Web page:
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# Predicting Patient Mortality Rates for Providers

• e statistical methods used to predict mortality on the basis of the significant risk factors are tested to determine

whether they are sufficiently accurate in predicting mortality for patients who are extremely ill prior to undergoing the procedure as well as for patients who are relatively healthy. ese tests have confirmed that the models are reasonably accurate in predicting how patients of all different risk levels will fare when undergoing PCI.

• e mortality rate for each hospital and cardiologist is also predicted using the statistical model. is is accomplished

by adding the predicted probabilities of death for each of the provider’s patients and dividing by the number of patients.

• e resulting rate is an estimate of what the provider’s mortality rate would have been if the hospital’s performance was

identical to the state performance. e percentage is called the predicted or expected mortality rate (EMR). A hospital's EMR is contrasted with its observed mortality rate (OMR), which is the number of PCI patients who died divided by the total number of PCI patients.

# Computing the Risk-Adjusted Mortality Rate

• e risk-adjusted mortality rate (RAMR) represents the best estimate, based on the associated statistical model, of what

the provider’s mortality rate would have been if the provider had a mix of patients identical to the statewide mix. us, the RAMR has, to the extent possible, ironed out differences among providers in patient severity of illness, since it arrives at a mortality rate for each provider based on an identical group of patients.

To get the RAMR, the OMR is first divided by the provider’s EMR. If the resulting ratio is larger than one, the provider has a higher mortality rate than expected on the basis of its patient mix; if it is smaller than one, the provider has a lower mortality rate than expected from its patient mix. e ratio is then multiplied by the overall statewide rate (0.95 percent in-hospital/30-day in 2008) to obtain the provider’s RAMR.

# Interpreting the Risk-Adjusted Mortality Rate

If the RAMR is lower than the statewide mortality rate, the hospital has a better performance than the state as a whole; if the RAMR is higher than the statewide mortality rate, the hospital has a worse performance than the state as a whole.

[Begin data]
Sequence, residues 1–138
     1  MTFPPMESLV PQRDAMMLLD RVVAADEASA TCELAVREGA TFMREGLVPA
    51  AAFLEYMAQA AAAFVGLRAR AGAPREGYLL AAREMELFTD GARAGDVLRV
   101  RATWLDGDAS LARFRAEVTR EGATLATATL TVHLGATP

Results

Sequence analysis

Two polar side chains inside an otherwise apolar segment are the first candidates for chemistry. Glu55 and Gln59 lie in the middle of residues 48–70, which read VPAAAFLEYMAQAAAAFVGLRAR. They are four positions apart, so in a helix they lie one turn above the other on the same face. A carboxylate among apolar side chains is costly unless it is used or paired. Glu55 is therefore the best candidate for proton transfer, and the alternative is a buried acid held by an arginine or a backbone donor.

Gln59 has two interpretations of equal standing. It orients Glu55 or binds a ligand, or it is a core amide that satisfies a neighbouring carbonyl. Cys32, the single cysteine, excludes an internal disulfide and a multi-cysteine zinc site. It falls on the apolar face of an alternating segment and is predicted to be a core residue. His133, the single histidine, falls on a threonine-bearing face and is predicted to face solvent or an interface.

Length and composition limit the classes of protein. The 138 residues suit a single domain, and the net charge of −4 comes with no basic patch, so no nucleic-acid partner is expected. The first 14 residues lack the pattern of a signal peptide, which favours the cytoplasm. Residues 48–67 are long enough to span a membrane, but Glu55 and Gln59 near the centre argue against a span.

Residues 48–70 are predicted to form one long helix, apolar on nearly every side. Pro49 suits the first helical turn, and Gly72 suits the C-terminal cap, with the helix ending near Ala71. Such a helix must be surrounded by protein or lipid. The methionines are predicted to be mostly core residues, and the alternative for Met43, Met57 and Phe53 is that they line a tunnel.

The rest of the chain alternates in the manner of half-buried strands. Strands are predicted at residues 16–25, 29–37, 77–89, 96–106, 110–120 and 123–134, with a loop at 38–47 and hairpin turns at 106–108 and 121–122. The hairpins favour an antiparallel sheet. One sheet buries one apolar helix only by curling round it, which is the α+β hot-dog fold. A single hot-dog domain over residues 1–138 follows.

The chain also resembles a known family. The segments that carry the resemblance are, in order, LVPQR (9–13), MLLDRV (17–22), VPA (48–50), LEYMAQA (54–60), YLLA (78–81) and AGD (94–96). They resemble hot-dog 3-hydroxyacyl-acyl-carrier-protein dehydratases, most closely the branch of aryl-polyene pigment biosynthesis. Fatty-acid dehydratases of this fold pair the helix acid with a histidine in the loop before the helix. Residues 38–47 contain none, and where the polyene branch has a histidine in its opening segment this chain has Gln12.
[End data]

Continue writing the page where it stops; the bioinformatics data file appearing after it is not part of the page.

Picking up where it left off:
• e RAMR is used in this report as a measure of quality of care provided by hospitals and cardiologists. However,

there are reasons that a provider’s RAMR may not be indicative of its true quality.

For example, extreme outcome rates

may occur due to chance alone. is is particularly true for low-volume providers, for whom very high or very low rates are more likely to occur than for high-volume providers. To prevent misinterpretation of differences caused by chance variation, expected ranges (confidence intervals) are included in the reported results.

Differences in hospital coding of risk factors could be an additional reason that a hospital’s RAMR may not be reflective of quality of care. e Department of Health monitors the quality of coded data by reviewing patients’ medical records to ascertain the presence of key risk factors. When significant coding problems are discovered, hospitals are required to correct these data and are subject to subsequent monitoring.

# How This Initiative Contributes to Quality Improvement

• e goal of the Department of Health and the Cardiac Advisory Committee is to improve the quality of care in relation

to cardiac surgery and angioplasty in NYS. Providing the hospitals, cardiac surgeons (who perform cardiac surgery) and cardiologists (who perform PCI) in NYS with data about their own outcomes for these procedures allows them to examine the quality of their own care and to identify opportunities to improve that care.

• e data collected and analyzed in this program are reviewed by the Cardiac Advisory Committee, which assists with

interpretation and advises the Department of Health regarding which hospitals and physicians may need special attention. Committee members have also conducted site visits to particular hospitals and have recommended that some hospitals obtain the expertise of outside consultants to design improvements for their programs.

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